Well Sabahat, I don't get what exactly you are trying to say here. Our TV drams portray where we are at in the real world. Isn't this happening 20 years ago and today as well with majority of the women? Saas and Bahu rivalry still persist in a huge way. The only difference is that today's Bahu is able to successfully separate her husband from the family but 20 years ago it wasn't possible. We are still living in a world of status quo. Poor are still treated a piece of junk in our society. Don't you think we need to mention this in our TV dramas? Atleast poor can relieve a bit when they see despite of difference in class, the two are getting along afterwards.
Shaby
Mar 04, 2012 06:32am
I am not a Humsafar fan. But that's the irony of this country, judgmental people like you (writer of this article) have nothing better to do in life than judging success of others. If you don't like something move on in life and let others live in peace.
Usman H
Mar 04, 2012 06:36am
You have provided a very accurate description of the downfall of the Pakistani drama serial. I may add that Shoaib Mansoor is another writer/producer who has used strong female leads, Alpha Bravo Charlie comes to mind as one example.
sara
Mar 04, 2012 08:55am
I absolutely loved the drama serial Humsafar. I enjoyed it for it's story, the acting and ofcourse the hero! And please the scheming motherinlaw, the other woman, stupid shortsighted and mother worshiping man - all exist even today! If you like I can definately put you in touch with people with such crazies in their lives that this drama will seem tame in comparison. It definately touched a nerve with me and i enjoyed watching it!
Shama
Mar 04, 2012 09:29am
I would agree to most parts related to predictable behaviours.However, it was much loved for its ability to showcase a beautiful love story and the awesome chemistry between two really good-looking people.
Karim
Mar 04, 2012 10:11am
Hamsafar broke the records (tahbahi macha di). Sadly, we won't get a series like this for another generation or so. I'm just amazed by some of the bozo comments here. The reality is that most men admire women like Khirad and they would not mistreat or cheat on them. Wearing Jeans and imitating western culture won't make you one of them, in fact some loose their true identity trying to fit in.
Shujaat
Mar 04, 2012 10:17am
Hi; i do not under one thing that why over her in pakistan people use such english which can not be easily understood at first glance. i found much easier to read material on bbc website.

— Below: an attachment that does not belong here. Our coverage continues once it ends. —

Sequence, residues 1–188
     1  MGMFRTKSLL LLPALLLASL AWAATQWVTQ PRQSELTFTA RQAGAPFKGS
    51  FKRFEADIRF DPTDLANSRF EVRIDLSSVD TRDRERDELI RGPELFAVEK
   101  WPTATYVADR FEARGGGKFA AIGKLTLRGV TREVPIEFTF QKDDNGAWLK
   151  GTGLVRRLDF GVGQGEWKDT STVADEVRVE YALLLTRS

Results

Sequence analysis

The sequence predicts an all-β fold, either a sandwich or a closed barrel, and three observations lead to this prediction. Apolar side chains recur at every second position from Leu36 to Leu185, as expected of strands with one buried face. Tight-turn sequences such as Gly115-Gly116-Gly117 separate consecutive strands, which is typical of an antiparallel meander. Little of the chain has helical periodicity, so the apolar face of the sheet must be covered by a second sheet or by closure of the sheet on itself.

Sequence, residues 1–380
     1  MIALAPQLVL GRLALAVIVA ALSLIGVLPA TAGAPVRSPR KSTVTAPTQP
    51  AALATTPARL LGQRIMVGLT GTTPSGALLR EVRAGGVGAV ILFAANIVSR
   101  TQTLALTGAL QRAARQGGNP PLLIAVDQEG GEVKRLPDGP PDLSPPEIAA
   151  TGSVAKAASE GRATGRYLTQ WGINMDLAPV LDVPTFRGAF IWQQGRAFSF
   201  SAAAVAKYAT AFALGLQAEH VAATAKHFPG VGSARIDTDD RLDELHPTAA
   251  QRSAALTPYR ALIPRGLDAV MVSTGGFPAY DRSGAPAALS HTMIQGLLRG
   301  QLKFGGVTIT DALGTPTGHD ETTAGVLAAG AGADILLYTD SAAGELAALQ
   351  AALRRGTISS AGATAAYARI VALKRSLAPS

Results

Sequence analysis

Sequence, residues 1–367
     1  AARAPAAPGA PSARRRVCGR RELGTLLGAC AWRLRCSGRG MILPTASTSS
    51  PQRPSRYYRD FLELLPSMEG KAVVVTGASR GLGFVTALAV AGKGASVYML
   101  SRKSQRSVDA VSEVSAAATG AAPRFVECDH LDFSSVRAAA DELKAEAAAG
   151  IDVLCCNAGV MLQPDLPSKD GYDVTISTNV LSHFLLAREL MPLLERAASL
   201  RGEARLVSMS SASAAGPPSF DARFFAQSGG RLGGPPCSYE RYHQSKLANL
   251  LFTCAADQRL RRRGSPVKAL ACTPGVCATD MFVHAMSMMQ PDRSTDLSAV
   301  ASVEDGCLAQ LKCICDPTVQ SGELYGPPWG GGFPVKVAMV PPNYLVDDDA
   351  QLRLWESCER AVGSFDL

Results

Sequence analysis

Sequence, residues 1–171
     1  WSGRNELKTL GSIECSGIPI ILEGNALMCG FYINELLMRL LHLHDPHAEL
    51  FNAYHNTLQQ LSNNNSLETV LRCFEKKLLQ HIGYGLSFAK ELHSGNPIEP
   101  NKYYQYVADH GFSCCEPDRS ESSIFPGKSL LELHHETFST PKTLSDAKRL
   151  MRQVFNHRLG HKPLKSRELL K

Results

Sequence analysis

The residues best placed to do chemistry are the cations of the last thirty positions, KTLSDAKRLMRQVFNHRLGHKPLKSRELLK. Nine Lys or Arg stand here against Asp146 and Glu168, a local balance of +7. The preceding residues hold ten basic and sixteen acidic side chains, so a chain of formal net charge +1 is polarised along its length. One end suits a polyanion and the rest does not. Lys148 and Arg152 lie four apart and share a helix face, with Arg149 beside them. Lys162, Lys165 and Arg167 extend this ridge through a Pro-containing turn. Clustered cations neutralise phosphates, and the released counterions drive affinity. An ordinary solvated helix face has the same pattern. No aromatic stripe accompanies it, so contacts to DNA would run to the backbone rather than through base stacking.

Faisal
Mar 04, 2012 11:19am
Umar, her prose is very compelling. That's the parlance the cultural critics use.
M
Mar 04, 2012 11:24am
Well, I think almost every single one of you has completely missed the point of Humsafar. An undeniable obsession with so-called Western ideals have currently pervaded Pakistani society and this is being reflected in our media, and especially, our dramas. A typical drama or soap will glamorise the Western mindset, so that the protagonists will be consistently wearing jeans and engaging in nothing short of promiscuity. Is this what we want Pakistan to become? Nothing but a cheap, carbon-copy of the West? I find Humsafar refreshing as Khirad, is a girl that evidently holds Islam dear to her heart with her chaddar, her prayers and Quran recitation. However, she is not the stereotypical doormat that other dramas strive to portray when dealing with a middle-class girl. This character is embodies strength and independence, which is evinced throughout the serial. Sara diametrically opposes Khirad, yet it is not because she is wearing jeans. It is her attitude. She could not live without a man, whereas Khirad, did it for four and a half years. And did it well. If this sort of a character is being labelled as "regressive," then I am proud not only to BE regressive but for being a fan of these regressive dramas.
Zahid
Mar 04, 2012 12:03pm
Hey Shujaat, Thanks a lot for saying that,I couldnt agree more with you on this ! As I was reading this piece,I was getting so frustrated with the article and was about to comment that I saw your feedback.I have prety much been reading main US and UK papers for a very long time and I have never seen such a vocabulary used in these pieces.I think the probelm is that most of the people who write in English papers in Pakistan think that they are part of an elitist Pakistan and they try to prove that they part of the "haves"of Pakistan which is insane basically because even in the bets papers of the world,no one writes the way Pakistanis write. Its disappointing and also depicts Pakistani society and mentality of the people. Thanks for your comments!
Shazia
Mar 04, 2012 01:28pm
Very entertaining and captivating, the way the story unfolds. The simple strength of right over wrong, the message that when you reach the heart of evil...there is nothing there, and facets of a woman's love, as a mother, daughter, wife, sister and a friend's unilateral fatal attraction. The viles of womanhood are evident through social inequality, stereotyping, possessiveness, inability to accept change. These things do exist in our society. I would see this from the author's perspective. Not to be compared to romantic comedies. The current show "Bulbulay" is trashy on its own grade...I would not bring it any where near Haseena Moin's dramas :) either.
sohail
Mar 04, 2012 02:14pm
very good written
maryam m imam
Mar 04, 2012 02:50pm